vacancies advertise contact news tip The Vault
facebook rss twitter

Review: Netgear D6300 WiFi Modem Router

by Parm Mann on 12 August 2013, 17:00

Tags: NetGear (NASDAQ:NTGR)

Quick Link:

Add to My Vault: x

Next-Generation WiFI

The 802.11ac wireless standard is yet to be ratified, but that hasn't stopped the big names in networking from launching forward-looking products that promise speeds up to three times faster than incumbent 802.11n.

Quick out the blocks is Netgear, whose D6300 WiFi Modem Router touts next-generation WiFi speeds of up to 1,300Mbps.

Priced at around £170, the D6300 is a serious piece of networking equipment and is aimed at users who are looking for a future-proof solution that touts extensive features and some of today's fastest-available wireless technologies.

Standing 205mm x 255mm x 77mm in size and weighing 654g, Netgear's device is designed to be put on display and looks more formidable than your standard router. Sharp and slanted, the D6300 has a very modern look but the glossy-black front fascia is highly susceptible to dust and fingerprints. Our review sample has only been in situ for a week or so, and it's already due a good clean.

Neatly-integrated status indicators are visible on the front of the unit, while a WiFi on/off switch and WPS instant-connect button are located on the side alongside a USB 2.0 port.

More of the action takes place around back, where Netgear has a second USB 2.0 port, an ADSL connector for the built-in ADSL2+ modem, four Gigabit Ethernet LAN ports, and a Gigabit Ethernet WAN port for connecting to a cable/fibre modem. There's also a dedicated power on/off switch, alongside the connector for the bundled external power supply.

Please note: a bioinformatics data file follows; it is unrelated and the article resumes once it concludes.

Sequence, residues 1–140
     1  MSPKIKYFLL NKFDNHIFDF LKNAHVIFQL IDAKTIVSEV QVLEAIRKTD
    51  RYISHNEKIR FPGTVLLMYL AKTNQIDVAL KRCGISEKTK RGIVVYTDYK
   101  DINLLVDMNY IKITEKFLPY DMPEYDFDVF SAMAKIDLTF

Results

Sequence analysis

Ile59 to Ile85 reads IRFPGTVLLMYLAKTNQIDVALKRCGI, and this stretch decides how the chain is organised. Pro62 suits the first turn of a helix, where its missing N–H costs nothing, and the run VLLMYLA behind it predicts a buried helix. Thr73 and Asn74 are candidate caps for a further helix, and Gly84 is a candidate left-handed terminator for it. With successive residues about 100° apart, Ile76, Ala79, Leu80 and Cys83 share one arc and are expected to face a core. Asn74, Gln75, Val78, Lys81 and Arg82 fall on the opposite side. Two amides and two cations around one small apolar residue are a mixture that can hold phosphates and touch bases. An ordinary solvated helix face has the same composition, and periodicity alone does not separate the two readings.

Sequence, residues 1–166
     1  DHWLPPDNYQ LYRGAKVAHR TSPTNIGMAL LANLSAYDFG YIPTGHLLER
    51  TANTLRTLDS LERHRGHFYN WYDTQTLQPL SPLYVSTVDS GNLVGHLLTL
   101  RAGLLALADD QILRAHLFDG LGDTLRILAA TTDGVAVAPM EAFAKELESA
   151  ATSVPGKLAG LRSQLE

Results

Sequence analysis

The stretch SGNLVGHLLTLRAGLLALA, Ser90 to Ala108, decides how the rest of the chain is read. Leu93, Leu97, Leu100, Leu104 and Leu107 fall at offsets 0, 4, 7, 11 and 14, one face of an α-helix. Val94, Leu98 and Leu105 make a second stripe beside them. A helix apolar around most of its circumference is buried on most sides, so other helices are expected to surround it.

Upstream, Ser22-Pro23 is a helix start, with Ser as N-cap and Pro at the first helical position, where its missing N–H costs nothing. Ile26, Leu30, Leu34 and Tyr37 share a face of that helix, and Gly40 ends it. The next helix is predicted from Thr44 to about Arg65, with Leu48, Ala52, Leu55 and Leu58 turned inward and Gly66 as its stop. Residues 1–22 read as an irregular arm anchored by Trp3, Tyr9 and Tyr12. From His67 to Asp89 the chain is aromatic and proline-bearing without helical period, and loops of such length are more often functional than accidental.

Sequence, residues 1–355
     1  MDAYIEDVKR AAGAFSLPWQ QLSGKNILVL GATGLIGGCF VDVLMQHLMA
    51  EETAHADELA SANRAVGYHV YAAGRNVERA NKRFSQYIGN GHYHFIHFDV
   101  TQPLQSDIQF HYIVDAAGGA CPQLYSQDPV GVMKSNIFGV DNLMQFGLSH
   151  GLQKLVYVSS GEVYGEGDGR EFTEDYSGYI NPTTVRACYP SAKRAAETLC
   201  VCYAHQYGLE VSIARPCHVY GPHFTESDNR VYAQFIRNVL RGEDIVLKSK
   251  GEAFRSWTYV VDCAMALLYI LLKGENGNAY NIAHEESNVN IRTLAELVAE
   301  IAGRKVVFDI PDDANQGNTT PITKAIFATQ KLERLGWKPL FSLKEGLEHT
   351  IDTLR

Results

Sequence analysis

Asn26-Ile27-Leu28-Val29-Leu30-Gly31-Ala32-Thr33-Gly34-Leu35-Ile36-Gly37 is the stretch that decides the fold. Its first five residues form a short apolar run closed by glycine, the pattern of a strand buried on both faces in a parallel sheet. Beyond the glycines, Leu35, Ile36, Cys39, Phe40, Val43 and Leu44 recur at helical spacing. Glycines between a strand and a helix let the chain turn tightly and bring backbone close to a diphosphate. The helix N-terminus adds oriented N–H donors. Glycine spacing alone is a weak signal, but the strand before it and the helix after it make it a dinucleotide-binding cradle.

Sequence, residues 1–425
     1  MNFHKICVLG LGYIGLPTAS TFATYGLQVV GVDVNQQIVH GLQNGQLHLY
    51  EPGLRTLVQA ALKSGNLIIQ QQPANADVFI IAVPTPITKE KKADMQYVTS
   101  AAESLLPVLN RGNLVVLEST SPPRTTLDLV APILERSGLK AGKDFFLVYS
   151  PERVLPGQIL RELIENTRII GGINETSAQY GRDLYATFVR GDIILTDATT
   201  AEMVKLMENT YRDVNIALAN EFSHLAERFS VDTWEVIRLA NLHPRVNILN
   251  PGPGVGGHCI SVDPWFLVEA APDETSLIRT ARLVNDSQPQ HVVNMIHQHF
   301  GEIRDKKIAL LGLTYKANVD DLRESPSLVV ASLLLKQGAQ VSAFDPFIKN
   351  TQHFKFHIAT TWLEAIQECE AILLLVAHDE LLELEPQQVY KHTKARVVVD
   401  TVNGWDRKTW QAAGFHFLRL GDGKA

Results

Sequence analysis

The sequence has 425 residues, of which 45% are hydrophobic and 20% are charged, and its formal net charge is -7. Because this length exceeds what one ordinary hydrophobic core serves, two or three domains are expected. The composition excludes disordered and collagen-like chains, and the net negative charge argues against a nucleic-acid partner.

We're of the opinion that routers should favour functionality over form, but there's no harm in Netgear attempting to achieve both, and the D6300 certainly looks eye catching.

As is the case with most modern routers, there's plenty more than just WiFi connectivity in the D6300's feature set. The two USB ports, for example, can be used to share content on USB hard drives across a network, with a built-in DLNA media server making it easy to store and access your multimedia on connected devices.

Netgear includes cloud sharing as part of the package - so your content can be made available away from home - and having two USB ports is particularly helpful; one can be used to share data on a USB drive, while the other can be used to attach a USB printer.

It's a shame a SuperSpeed USB 3.0 port isn't included at this price point, but users eyeing up the D6300 will most probably be doing so based on the router's wireless capabilities. Armed with simultaneous dual-band WiFi, the D6300 touts speeds of up to 300Mbps on the 802.11 b/g/n 2.4GHz band, along with spectacular speeds of up to 1,300Mbps on the 802.11 a/n/ac 5GHz band.

The latter specification is the real talking point, though there is a catch. The vast majority of today's wireless devices lack support for the 802.11ac standard, which as we've stated is yet to be ratified and is unlikely to become mainstream for a good while yet.

Knowing that supporting devices are few and far between, Netgear sent along an A6200 WiFi USB Adapter that supports the next-generation standard at speeds of up to 867Mbps. Impressive numbers once again, though it's unfortunate the adapter is of the USB 2.0 variety - limiting the bandwidth to a theoretical 480Mbps.

There is another cost issue, too. The A6200 adapter currently retails for around £60, which, when combined with the cost of the router, makes connecting your laptop to the router via 802.11ac an expensive proposition.